Notes Towards Affect Engines


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Slides from a conference presentation using Deleuze to think about interactivity.

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Notes Towards Affect Engines

  1. 1. notes towardsaffect engines iapl july 2008 (Adrian Miles)
  2. 2. outline this is work that is developing out of a series of conference presentations and papers that are thinking about the role of Deleuze’s ‘interval’ in relation to a variety of forms of new media the interval is a zone of indetermination in relation to possible courses of action contemporary network based media forms can be theorised as systems for the production and maintenance of intervals it situates such practice within the intersection of the local and the iapl RMIT 2008
  3. 3. summary (Bergson & deleuze) iapl RMIT 2008
  4. 4. summary (Bergson & deleuze) affect is the consequence of a sensory motor schema the sensory motor schema produces the causal logic of cinematic relations in Cinema One (the movement image) these relations rely on action and reaction the interval is the extended gap that is produced between action and reaction the inability of reaction (as responsive action) to meet the demands of action produces affect as does the extension of the interval towards its own iapl RMIT 2008
  5. 5. iapl RMIT 2008
  6. 6. bergson Bergson and the ‘sensory motor schema’ it is sensory because it is about perception perception is made of up reception and reaction it is motor because some perceptions produce motor responses these can be conscious, automatic, unconscious and so on these senses provide views between things (there is a non motor sensory schema too which is all of the ways in which all things present all facets to each other) iapl RMIT 2008
  7. 7. iapl RMIT 2008
  8. 8. facets I think of these views between things as facets. As facets (think of a diamond) it is easy to understand that facets are multiple what counts as the ‘meaningful’ view for me might not be for you let alone my view of that flu virus over there and its view of me facets means that there are always many attitudes towards things, many ways in which they can, and do, address each other ‘attitudes’ does not mean interpretations, it is more basic than this — an attitude is an orientation towards possible action (interpretation is what we then understand the realised actions to mean) iapl RMIT 2008
  9. 9. iapl RMIT 2008
  10. 10. interval some actions are automatic, some are unthought, some are thought where there is a distance or gap between reception and reaction (I see the lion and turn to run) an interval is introduced this interval introduces a zone of indeterminacy because a variety of possible actions is available and a choice is required as there are always a multiplicity of facets the interval always subtracts from all those possible and actual facets to recognise only those that interest it (n-1) the interval is then the interruption of automatic action and reaction and affect is the felt but unacted movement (reaction) or the residue that remains where reaction is not adequate to iapl RMIT 2008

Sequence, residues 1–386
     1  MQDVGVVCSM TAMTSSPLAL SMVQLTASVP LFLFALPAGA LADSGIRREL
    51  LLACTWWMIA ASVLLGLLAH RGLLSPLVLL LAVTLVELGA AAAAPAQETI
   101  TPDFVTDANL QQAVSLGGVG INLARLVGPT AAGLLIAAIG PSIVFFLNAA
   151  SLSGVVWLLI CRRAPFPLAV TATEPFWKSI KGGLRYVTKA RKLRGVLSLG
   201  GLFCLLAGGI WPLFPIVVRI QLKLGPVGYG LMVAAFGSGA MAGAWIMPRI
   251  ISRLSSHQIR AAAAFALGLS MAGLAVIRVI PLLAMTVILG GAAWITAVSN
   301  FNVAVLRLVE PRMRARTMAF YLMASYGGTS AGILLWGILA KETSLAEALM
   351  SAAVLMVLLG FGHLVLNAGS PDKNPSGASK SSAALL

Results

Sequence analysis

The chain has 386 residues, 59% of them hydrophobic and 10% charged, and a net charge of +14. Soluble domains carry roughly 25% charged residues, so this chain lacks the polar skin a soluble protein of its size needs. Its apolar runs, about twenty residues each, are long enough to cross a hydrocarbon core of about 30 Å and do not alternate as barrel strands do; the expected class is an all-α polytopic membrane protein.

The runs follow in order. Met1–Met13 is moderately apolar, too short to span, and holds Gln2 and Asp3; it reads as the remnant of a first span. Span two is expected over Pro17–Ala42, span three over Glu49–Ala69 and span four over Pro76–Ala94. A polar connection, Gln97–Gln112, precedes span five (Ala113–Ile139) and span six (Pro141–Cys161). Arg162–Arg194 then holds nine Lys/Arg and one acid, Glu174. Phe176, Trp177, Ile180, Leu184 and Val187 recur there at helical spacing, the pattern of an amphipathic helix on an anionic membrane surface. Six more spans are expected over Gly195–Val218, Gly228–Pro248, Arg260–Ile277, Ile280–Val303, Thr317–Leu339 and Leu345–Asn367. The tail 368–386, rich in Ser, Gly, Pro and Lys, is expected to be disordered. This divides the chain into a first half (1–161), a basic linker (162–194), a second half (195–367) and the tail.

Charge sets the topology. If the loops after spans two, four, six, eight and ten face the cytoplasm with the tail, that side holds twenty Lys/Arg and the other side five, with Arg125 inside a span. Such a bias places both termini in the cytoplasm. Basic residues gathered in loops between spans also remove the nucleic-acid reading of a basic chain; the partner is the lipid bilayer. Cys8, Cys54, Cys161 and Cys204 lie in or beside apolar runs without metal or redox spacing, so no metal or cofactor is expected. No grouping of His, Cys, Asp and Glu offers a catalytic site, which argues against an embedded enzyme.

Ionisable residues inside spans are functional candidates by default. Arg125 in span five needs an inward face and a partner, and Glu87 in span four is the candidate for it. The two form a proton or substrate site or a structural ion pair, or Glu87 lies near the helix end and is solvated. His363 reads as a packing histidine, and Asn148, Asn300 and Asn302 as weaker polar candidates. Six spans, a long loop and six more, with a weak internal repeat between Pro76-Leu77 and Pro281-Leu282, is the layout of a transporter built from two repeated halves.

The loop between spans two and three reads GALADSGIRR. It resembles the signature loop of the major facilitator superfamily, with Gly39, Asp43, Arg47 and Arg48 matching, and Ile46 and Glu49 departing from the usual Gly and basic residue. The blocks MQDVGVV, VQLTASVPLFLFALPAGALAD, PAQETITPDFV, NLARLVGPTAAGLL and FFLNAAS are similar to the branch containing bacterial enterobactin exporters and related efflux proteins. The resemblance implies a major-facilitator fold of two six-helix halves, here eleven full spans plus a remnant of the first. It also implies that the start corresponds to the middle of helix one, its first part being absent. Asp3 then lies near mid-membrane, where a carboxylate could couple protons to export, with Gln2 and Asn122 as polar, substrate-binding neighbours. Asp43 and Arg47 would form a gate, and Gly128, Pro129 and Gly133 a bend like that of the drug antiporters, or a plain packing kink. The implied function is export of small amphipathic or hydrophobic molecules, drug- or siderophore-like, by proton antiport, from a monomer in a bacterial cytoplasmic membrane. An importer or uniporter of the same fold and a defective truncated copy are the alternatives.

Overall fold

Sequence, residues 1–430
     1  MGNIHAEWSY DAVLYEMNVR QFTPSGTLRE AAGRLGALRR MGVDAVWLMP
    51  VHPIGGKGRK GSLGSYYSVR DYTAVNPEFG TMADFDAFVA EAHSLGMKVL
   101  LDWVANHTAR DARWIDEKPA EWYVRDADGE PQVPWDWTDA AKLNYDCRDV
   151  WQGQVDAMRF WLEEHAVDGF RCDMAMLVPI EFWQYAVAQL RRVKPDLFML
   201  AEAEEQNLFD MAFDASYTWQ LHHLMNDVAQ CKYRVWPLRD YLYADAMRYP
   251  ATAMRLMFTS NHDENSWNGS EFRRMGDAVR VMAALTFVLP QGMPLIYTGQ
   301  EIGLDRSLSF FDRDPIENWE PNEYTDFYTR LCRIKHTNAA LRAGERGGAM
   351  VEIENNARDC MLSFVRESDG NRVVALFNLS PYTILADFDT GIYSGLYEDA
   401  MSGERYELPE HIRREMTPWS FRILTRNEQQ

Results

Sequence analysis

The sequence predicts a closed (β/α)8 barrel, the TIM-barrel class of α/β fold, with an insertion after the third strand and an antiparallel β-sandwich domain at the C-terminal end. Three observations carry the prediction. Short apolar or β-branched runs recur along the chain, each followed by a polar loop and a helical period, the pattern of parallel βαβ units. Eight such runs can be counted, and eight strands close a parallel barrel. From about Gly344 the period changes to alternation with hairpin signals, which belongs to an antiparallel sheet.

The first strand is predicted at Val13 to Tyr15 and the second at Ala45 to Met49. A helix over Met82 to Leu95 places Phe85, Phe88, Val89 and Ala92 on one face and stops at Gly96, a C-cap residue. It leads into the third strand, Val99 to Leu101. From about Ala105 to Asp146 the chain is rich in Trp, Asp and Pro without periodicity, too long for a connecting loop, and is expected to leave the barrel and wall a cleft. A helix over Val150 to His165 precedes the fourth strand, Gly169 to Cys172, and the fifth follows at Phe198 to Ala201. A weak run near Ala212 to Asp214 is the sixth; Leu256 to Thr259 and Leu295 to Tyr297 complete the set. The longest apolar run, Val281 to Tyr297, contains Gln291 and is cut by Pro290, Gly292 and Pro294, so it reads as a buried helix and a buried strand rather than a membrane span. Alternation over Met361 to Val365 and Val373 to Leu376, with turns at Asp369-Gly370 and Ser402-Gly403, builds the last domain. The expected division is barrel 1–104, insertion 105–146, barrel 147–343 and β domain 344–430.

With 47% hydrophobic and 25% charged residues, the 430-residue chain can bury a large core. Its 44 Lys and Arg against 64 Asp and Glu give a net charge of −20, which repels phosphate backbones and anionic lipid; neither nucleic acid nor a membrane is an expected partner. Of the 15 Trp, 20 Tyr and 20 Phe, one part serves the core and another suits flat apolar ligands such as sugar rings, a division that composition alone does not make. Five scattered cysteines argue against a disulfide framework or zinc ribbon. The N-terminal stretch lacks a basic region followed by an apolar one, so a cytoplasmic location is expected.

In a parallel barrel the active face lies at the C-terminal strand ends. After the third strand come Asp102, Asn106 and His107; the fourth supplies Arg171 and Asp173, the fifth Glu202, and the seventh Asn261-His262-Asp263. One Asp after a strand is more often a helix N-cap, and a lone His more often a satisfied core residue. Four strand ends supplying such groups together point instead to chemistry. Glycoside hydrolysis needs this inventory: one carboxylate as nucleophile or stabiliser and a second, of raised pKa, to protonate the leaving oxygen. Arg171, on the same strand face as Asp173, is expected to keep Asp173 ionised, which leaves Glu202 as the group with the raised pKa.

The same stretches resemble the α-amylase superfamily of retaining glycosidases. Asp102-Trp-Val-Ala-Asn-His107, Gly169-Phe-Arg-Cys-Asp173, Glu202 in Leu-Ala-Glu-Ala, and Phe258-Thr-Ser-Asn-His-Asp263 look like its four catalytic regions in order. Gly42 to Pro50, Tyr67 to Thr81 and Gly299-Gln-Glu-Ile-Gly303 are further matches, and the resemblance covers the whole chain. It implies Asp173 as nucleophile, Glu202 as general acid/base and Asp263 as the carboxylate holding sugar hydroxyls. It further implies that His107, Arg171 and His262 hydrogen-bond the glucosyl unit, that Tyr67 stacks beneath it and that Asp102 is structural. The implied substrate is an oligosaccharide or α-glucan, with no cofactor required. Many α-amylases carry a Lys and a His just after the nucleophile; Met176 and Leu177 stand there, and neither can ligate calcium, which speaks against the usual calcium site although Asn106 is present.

11. 11. iapl RMIT 2008
  12. 12. acentred “ what happens and what can happen in this acentred universe where everything reacts on everything else? We must not introduce a different factor ... So what happens is this: at any point whatever of the plane an interval appears - a gap between action and reaction. (C1, 61.) iapl RMIT 2008
  13. 13. iapl RMIT 2008
  14. 14. remainder affect is what is left over when action (in response to perception) does not exhaust, or expend, itself when, for example, the actual action does not produce a normalised economy between perception and reaction (for instance what you would feel after fleeing the lion) the interval ‘interrupts’ the movement between reception and action and movement changes from being a quantity to a quality (affect) iapl RMIT 2008
  15. 15. movement & iapl RMIT 2008
  16. 16. movement & affect “ There is therefore a relationship between affection and movement in general which might be expressed as follows: the movement of translation is not merely interrupted in its direct propagation by an interval which allocates on the one hand the received movement, and on the other the executed movement, and which might make them in a sense incommensurable. Between the two there is affection which re-establishes the relation. But, it is precisely in affection that the movement ceases to be that of translation in order to become movement of expression, that is to say quality, simple tendency stirring up an immobile element. (C1, 66.) iapl RMIT 2008
  17. 17. movement iapl RMIT 2008
  18. 18. movement image In the cinema this indeterminacy becomes filled by the three varieties of the general ‘movement-image’ This is where you get shot, counter shot. An economy of reactions (character looks, I cut, I see what they look at), which in turn leads to an implicit grammar of action - chases, slapstick comedy, dance. Cause and effect. This is the sensory motor schema of American (and early) cinema. It aims to normalise the interval between perception and action, and to ensure that action is equivalent to perception (no loose ends, simply typologies of characters, psychology, genres and so on) iapl RMIT 2008
  19. 19. Us as movement iapl RMIT 2008